A PHP absolute version


$x = 0;
$y = 0;
$z = 0;

$secondsensorfile = "/dev/input/event3";
#open file in binary mode
$dfeed2 = fopen($secondsensorfile, "rb");

while (!feof($dfeed2)) {
  $contents = fread($dfeed2, 16);
  $arr = unpack("s4time/S1data/S1code/l1value",$contents);
  if ($arr[data]=3){
	if ($arr[code]==0) $x=$arr[value];
        if ($arr[code]==1) $y=$arr[value];
        if ($arr[code]==2) $z=$arr[value];
 print "x= $x, y= $y, z=$z \n";

Also, for the new absolute interface (Perl) :


$x = 0;
$y = 0;
$z = 0;

$secondsensorfile = "/dev/input/event3";
#open file in binary mode
open FILE, $secondsensorfile;
binmode FILE;

while (read FILE, $buf,16) {
    ($t1,$t2,$type,$code,$value)=unpack "iissi",$buf;
    if ($type==3) {
        if ($code==0) {$x=$value};
        if ($code==1) {$y=$value};
        if ($code==2) {$z=$value};
    if (($type==0) && ($code==0)) {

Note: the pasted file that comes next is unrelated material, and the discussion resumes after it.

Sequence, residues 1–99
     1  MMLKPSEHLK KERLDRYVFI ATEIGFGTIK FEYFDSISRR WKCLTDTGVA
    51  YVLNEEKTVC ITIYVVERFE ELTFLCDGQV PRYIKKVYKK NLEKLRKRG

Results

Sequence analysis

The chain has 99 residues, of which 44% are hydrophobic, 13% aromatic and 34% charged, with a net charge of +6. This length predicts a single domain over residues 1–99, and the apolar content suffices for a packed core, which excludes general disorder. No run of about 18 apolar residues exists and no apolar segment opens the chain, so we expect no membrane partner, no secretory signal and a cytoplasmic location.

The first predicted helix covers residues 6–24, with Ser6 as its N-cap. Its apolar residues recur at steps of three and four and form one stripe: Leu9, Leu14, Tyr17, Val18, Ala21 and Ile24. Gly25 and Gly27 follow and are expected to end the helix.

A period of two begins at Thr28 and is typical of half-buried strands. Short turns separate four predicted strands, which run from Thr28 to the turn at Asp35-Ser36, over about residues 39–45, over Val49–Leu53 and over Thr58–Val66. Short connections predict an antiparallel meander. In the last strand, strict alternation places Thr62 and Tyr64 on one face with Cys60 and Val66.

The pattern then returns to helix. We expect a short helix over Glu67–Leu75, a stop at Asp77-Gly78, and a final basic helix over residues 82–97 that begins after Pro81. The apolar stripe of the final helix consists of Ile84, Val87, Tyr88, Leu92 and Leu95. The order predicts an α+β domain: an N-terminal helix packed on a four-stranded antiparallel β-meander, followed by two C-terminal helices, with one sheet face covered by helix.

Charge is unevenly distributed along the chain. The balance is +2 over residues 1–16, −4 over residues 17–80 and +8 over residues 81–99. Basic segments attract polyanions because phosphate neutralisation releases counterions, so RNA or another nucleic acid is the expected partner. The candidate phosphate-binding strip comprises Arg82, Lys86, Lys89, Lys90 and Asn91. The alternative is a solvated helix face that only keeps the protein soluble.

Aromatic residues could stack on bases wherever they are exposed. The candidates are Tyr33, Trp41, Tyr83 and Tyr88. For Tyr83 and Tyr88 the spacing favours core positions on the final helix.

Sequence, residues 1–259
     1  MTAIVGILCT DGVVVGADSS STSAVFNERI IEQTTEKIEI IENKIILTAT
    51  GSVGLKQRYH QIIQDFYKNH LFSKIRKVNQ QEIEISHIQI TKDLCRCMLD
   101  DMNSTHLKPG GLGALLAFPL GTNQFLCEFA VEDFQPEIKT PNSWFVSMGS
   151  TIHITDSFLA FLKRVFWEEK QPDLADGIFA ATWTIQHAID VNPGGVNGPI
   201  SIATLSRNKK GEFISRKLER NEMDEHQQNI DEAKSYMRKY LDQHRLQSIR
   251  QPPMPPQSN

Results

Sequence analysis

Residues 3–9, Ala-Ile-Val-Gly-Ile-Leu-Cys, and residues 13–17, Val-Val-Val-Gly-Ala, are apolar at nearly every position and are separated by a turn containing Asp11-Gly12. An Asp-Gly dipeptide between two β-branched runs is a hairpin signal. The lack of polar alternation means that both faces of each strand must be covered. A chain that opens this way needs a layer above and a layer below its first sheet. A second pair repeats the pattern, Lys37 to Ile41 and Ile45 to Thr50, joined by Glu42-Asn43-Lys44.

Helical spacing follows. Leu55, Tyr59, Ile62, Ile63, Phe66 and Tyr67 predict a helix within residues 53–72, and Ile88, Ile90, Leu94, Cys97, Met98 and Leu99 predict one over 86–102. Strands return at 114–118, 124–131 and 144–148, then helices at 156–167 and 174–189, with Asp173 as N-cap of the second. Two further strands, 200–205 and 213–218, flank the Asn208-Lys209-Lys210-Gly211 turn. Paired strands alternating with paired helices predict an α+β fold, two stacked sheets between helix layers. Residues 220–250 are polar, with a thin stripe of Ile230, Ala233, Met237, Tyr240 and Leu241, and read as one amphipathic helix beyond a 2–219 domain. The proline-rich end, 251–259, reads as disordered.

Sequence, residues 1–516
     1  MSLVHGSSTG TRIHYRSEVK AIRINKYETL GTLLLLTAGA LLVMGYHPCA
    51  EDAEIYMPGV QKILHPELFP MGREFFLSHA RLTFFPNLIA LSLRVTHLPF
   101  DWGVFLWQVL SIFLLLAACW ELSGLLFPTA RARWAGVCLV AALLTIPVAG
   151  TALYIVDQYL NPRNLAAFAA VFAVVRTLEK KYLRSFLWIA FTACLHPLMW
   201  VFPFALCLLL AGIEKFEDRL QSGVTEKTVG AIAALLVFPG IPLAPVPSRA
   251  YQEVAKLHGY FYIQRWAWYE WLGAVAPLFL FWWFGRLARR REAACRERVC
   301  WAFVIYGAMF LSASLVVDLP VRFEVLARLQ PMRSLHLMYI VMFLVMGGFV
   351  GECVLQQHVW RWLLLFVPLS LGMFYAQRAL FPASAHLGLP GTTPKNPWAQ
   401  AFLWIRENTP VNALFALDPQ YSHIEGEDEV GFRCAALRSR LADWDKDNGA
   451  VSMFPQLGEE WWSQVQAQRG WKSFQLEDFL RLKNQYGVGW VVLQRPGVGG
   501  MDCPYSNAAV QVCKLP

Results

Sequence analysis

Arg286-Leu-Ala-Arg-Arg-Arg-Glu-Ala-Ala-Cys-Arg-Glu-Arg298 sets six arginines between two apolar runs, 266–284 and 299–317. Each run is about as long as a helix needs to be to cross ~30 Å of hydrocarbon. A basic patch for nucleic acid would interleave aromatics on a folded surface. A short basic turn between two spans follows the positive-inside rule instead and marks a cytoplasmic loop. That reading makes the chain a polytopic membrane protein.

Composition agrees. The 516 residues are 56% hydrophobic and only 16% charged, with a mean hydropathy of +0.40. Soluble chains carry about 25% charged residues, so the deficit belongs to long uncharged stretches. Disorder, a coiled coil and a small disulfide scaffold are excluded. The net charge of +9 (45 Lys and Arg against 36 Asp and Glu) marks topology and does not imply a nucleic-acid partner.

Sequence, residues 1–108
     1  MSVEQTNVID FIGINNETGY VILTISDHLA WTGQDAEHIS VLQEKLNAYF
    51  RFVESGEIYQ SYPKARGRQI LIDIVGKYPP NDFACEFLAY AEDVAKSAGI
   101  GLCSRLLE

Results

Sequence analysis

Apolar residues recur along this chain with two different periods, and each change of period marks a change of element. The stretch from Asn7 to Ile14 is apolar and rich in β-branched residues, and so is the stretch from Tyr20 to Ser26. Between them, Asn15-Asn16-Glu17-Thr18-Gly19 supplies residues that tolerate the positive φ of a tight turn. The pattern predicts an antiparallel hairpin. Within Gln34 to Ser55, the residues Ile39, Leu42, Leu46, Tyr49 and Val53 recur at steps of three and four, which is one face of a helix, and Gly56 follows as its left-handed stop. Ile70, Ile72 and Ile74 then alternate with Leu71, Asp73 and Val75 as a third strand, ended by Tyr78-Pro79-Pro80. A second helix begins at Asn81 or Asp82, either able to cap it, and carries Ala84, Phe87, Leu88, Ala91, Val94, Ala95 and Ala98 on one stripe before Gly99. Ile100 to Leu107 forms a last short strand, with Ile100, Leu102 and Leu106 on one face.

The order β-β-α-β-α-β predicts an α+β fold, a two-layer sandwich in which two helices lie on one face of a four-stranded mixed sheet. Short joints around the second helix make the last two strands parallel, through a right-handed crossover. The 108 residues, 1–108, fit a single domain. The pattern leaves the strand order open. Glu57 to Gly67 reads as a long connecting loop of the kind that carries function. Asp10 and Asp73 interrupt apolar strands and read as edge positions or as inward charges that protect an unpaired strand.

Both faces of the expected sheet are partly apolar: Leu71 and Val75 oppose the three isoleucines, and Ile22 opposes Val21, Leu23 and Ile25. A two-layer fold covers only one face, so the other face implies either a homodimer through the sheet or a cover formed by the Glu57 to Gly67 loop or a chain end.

printf "%f %05d %05d %05d\n",$t1+$t2/1000000,$x,$y,$z;

Read the data in C (FIXME: We're not printing times here).

#include <stdio.h>
#include <time.h>
#include <sys/times.h>
#include <sys/stat.h>
#include <fcntl.h>
#include <unistd.h>
#include <stdint.h>
#include <assert.h>

struct input_event {
    struct timeval time;
    uint16_t type;
    uint16_t code;
    int32_t value;

int read_all(int fd, char *buf, int count)
    int n_read = 0;
    while (n_read != count) {
        int result = read(fd, buf + n_read, count - n_read);
        if (result < 0)
            return result;
        else if (result == 0)
            return n_read;
        n_read += result;
    return n_read;

int main(int argc, char *argv[])
    int fd;
    struct input_event ev;

    assert(16 == sizeof(struct input_event));

    if (argc != 2) {
        fprintf(stderr, "missing /dev/input/XXX\n");
        return 1;

    while (1) {
        if ((fd = open(argv[1], O_RDONLY)) == -1) {
            return 1;
        int ret = read_all(fd, (char *) &ev, sizeof(struct input_event));
        if (ret != sizeof(struct input_event)) {
            fprintf(stderr, "ret == %d\n", ret);
            return 1;
        printf("type:%u code:%u value:%d\n", ev.type, ev.code, ev.value);
        usleep(500000);  /* 2 reads per second, you might want to read more */

    return 0;

And in Guile Scheme. (This one is a complete autorotation program.)

;; Open device file for the second accelerometer (whose axes are